Sing UK is a great idea, bringing young voices together and assembling them into a substantial choral force to perform major repertoire.
Worcestershire Young Singers is one such result, and on Saturday these students from several county schools delivered the Mozart Requiem with a heartwarming freshness of voice (even from the experienced adult singers stiffening their ranks), enthusiasm, and joy in the discovery of this wonderful music.
What a pity, then, that this performance of Mozart’s deathbed masterpiece was largely slick and heartless under Malcolm Goldring’s direction. The Dies Irae was helter-skelter after a brisk Kyrie Eleison, there was little sense of stature and awe in Rex Tremendae, and, despite the efforts of a fine quartet of soloists, the emotion in Recordare was sadly lacking.
The English Symphony Orchestra played efficiently, with wonderfully sonorous and agile trombones doubling the voices in Mozart’s many fugal passages. But it was distressing to hear one of the most sensitive timpanists I know being asked to play so aggressively. Perhaps the acoustic required such an approach from the conductor.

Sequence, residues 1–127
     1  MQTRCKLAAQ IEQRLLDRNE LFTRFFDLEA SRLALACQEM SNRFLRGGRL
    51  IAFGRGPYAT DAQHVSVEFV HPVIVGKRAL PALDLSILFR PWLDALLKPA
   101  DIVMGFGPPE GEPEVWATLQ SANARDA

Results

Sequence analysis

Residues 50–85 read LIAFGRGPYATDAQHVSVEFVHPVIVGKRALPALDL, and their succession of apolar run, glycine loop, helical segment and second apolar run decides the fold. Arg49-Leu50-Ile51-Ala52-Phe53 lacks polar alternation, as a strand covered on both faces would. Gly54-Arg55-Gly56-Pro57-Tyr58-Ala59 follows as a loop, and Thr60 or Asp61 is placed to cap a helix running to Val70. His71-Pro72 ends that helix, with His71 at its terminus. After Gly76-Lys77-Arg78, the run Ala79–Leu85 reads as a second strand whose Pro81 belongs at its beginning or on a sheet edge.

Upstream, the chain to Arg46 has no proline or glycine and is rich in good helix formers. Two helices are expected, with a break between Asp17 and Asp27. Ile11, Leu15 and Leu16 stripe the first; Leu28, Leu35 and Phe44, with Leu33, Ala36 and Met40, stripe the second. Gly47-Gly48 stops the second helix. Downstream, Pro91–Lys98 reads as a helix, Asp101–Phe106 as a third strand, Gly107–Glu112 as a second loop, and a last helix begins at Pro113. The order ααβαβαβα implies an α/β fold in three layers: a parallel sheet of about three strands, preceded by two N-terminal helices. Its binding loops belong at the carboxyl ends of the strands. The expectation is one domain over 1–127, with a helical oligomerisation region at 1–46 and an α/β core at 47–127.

Bob Chilcott’s Jubilate, at times groping towards Stravinskyan glitter, was willingly given by these youngsters, but Mozart’s Symphony no.39, bizarrely tuned to a piano which had no further part in proceedings, sounded like something as heavy as by a third-rate wannabe Beethoven.
Rating * * *